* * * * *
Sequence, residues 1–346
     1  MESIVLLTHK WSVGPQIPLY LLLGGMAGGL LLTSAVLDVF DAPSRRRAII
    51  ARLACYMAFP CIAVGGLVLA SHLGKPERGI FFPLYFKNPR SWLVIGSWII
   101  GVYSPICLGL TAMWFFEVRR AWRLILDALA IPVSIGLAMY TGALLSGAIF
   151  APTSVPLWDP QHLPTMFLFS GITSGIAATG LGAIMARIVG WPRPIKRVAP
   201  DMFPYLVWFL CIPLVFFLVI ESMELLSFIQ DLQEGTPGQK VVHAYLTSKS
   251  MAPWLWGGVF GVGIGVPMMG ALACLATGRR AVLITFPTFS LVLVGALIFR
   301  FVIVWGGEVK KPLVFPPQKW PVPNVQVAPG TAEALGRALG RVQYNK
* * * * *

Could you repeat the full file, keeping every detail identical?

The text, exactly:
Sequence, residues 1–346
     1  MESIVLLTHK WSVGPQIPLY LLLGGMAGGL LLTSAVLDVF DAPSRRRAII
    51  ARLACYMAFP CIAVGGLVLA SHLGKPERGI FFPLYFKNPR SWLVIGSWII
   101  GVYSPICLGL TAMWFFEVRR AWRLILDALA IPVSIGLAMY TGALLSGAIF
   151  APTSVPLWDP QHLPTMFLFS GITSGIAATG LGAIMARIVG WPRPIKRVAP
   201  DMFPYLVWFL CIPLVFFLVI ESMELLSFIQ DLQEGTPGQK VVHAYLTSKS
   251  MAPWLWGGVF GVGIGVPMMG ALACLATGRR AVLITFPTFS LVLVGALIFR
   301  FVIVWGGEVK KPLVFPPQKW PVPNVQVAPG TAEALGRALG RVQYNK